There's an athletic shoe I like, the New Balance 373. I did an online search for it on my Firefox browser and found it going for a great price at Sears -- $34.95. They threw in free shipping, too. Clicked to check out. Nothing. Clicked again. Didn't get anywhere. After a few more attempts, I switched to Safari and the transaction went through uneventfully.
The shoes arrived and I liked the deal so much I decided to order another pair. Same problem with Firefox. I emailed Sears in the spirit of "I'd really like to see you survive and it doesn't help if there's a bug in the e-com component of a browser with about a quarter of the market." Received a "We are listening to what you have to say!" email and guess what? The shopping cart is all hunky-dory this morning. I must say that I'm surprised given my further adventures with employees who seemed to care not a whit about the customer experience.
The second pair of shoes arrived with one of those hard plastic gizmos that will activate an air-raid siren if you attempt to leave the store with it attached to the eyelets. It looked unpryable. I called the 800 number. Let's just say that the overseas telephone rep was not processing the following sentence: "I don't want to take it to a store." But there was no return label enclosed -- or paperwork of any kind -- so, yes, I wound up taking it to the store in Yorktown Heights, N.Y.
"Oh, we don't use those devices here," cashiers lolling around their eerily quiet registers on Saturday afternoon told me. It was as if their customers belonged to a higher caste of shoplifters. "You'll have to take it to Yonkers." My "but that's 30 miles away" protest elicited no sympathy or solution.
"Why didn't they just take them back and tell you to order another pair online?" my better half asked. "Because that obviously would have solved the problem," I responded, much too sharply. Anyway, add together the gas mileage and my time and ask me if my I think my 36% savings was worth it.
Then there was the adventure yesterday morning of trying to book a round-trip Amtrak ticket from Yonkers, N.Y., to Washington, D.C., for the afternoon. After going though the entire procedure of selecting my trains and getting to the shopping cart, I was informed: "Because of the close proximity of this trip, our online booking system cannot provide a ticket delivery option that will ensure you receive your ticket(s) on time."
"What, you never heard of an HP printer?" I yelled at the screen. No response. So I called, as directed, and was immediately put through to the chirpy "Julie, Amtrak's automated agent."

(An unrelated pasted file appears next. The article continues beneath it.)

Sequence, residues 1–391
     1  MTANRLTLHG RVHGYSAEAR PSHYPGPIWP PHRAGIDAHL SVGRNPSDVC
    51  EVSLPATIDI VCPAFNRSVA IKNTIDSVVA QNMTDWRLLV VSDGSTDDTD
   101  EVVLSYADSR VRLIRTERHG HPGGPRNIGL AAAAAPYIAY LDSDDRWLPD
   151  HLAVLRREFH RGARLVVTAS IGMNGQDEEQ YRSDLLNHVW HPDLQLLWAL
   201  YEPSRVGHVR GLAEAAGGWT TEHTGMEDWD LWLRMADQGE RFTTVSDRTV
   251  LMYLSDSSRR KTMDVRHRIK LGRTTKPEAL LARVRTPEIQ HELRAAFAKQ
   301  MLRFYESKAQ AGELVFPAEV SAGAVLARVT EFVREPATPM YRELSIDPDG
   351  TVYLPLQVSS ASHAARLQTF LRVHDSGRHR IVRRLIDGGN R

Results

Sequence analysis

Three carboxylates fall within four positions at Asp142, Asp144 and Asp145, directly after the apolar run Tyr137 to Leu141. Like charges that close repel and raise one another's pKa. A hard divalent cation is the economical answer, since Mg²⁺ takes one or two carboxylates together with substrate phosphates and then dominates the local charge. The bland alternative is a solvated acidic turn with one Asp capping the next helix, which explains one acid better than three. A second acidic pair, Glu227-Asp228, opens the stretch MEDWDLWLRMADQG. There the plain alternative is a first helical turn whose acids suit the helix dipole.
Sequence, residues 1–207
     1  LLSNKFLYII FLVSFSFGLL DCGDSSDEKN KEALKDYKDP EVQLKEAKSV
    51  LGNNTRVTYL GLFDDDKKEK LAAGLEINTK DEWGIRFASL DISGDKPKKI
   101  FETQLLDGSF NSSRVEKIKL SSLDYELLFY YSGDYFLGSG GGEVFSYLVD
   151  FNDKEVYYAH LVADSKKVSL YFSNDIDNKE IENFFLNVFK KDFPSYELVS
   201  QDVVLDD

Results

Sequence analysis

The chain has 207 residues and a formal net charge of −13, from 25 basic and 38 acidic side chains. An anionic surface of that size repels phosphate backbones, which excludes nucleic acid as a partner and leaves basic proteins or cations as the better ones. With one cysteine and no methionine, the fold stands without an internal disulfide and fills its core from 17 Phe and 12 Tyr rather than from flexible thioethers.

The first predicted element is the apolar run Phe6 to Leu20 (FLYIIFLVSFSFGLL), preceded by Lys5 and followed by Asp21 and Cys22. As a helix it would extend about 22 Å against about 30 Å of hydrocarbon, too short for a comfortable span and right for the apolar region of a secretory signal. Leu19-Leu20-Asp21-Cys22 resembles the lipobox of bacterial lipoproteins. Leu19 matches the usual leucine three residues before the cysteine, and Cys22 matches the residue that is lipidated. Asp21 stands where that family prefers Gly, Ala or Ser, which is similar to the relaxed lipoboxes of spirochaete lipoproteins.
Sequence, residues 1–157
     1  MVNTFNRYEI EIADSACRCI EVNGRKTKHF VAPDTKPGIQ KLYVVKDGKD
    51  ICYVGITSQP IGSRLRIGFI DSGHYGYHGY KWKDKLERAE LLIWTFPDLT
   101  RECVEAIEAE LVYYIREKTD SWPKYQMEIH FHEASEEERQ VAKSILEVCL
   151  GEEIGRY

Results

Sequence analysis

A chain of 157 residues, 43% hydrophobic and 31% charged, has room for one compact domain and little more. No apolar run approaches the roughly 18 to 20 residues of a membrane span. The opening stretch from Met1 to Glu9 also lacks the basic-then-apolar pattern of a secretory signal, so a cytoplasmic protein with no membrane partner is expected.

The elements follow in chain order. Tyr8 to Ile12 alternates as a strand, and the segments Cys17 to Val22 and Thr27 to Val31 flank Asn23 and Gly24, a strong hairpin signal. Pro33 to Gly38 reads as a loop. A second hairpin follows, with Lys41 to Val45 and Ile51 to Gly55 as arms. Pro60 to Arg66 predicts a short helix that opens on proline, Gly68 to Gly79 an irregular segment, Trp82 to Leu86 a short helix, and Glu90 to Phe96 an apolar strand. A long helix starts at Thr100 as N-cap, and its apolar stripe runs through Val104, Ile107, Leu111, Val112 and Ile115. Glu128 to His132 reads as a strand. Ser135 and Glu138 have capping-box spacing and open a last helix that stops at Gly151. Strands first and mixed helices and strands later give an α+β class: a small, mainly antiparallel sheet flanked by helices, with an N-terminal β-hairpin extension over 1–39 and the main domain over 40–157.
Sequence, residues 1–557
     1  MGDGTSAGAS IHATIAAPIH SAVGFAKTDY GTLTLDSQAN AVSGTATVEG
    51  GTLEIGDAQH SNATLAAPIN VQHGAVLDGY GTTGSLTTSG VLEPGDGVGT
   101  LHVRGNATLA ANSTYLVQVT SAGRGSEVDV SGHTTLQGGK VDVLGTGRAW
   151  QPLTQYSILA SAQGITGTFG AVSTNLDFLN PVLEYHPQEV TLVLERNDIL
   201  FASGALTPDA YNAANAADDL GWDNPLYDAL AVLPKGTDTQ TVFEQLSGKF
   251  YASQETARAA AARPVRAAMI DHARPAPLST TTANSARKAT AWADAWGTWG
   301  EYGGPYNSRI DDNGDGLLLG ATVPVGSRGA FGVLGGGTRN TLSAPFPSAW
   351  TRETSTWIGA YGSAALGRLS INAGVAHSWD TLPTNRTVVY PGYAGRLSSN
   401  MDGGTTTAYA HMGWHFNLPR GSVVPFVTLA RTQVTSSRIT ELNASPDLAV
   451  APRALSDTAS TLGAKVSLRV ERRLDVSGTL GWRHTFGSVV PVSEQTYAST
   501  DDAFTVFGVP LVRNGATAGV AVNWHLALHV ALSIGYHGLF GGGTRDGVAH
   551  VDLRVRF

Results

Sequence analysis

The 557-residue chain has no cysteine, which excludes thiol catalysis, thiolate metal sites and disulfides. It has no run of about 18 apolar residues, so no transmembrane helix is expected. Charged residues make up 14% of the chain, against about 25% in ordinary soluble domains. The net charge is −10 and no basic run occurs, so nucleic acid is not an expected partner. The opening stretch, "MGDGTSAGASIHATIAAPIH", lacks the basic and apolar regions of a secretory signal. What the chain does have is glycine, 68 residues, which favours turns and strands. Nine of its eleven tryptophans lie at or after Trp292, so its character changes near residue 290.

Let's just say that although Julie seemed to understand me in a way that no voice-recognition software ever has and I might have asked her for her cell if I weren't happily married, she couldn't seem to wrap her megabytes around the notion that I needed to transfer trains. So, "Yes, Julie," I replied. I'd like to speak to an agent.
Would it surprise you if I told you that call volume to Amtrak was abnormally high yesterday? Estimated wait? 25 minutes. In all fairness, it was only a 10-15 delay and the woman who took my reservation was very efficient. She gave me both a reservation number and a "boarding pass number" that I was to give to the conductor, who would key it into his handheld, see the details, take my credit card and issue me a round-trip ticket. Voila!
It didn't quite work out that way. The conductor on the first train told me he could only sell me a ticket to New York's Penn Station. Then I'd have to go upstairs to the ticket window to straighten out the rest of my trip which, because it involved transferring to another train, seemed much too complicated for his device, all due reservations aside.
Would it surprise you if I told you that the line in New York was abnormally long? And the ticket kiosks refused to do business with me, despite my having both a reservation and boarding pass number, because it didn't have any prior credit card number attached to those transactions. So rather than miss the train, I ignored the PA system and skulked aboard train 93 to Richmond without a ticket in hand. Somewhere south of Newark, I told my tale to two separate conductors. They wanted nothing to do with a "boarding pass number." They'd never heard of such a thing, and they didn't have a handheld.
"This isn't an airplane, you know, said one. But in the end, they blamed it all on the first conductor.
"He should have known that you were buying a conjunction ticket," one of them told me. "Next time tell him you need a conjunction ticket."
I duly noted that phrase on every paper notebook and e-device I carry. And then the conductor reassured me that I "had done nothing wrong." Phew.
The sick thing is that I did get the feeling in both these transaction that it was I, not them, who'd screwed up.
And now, as someone who fled from the utter nincompoopery of AT&T customer service for the 50/50 competency of T-Mobile reps years ago, I face a return to Ma Bell. All the headlines and ledes I've seen assure me that no good is going to come out of this merger for anyone but shareholders. And commentators.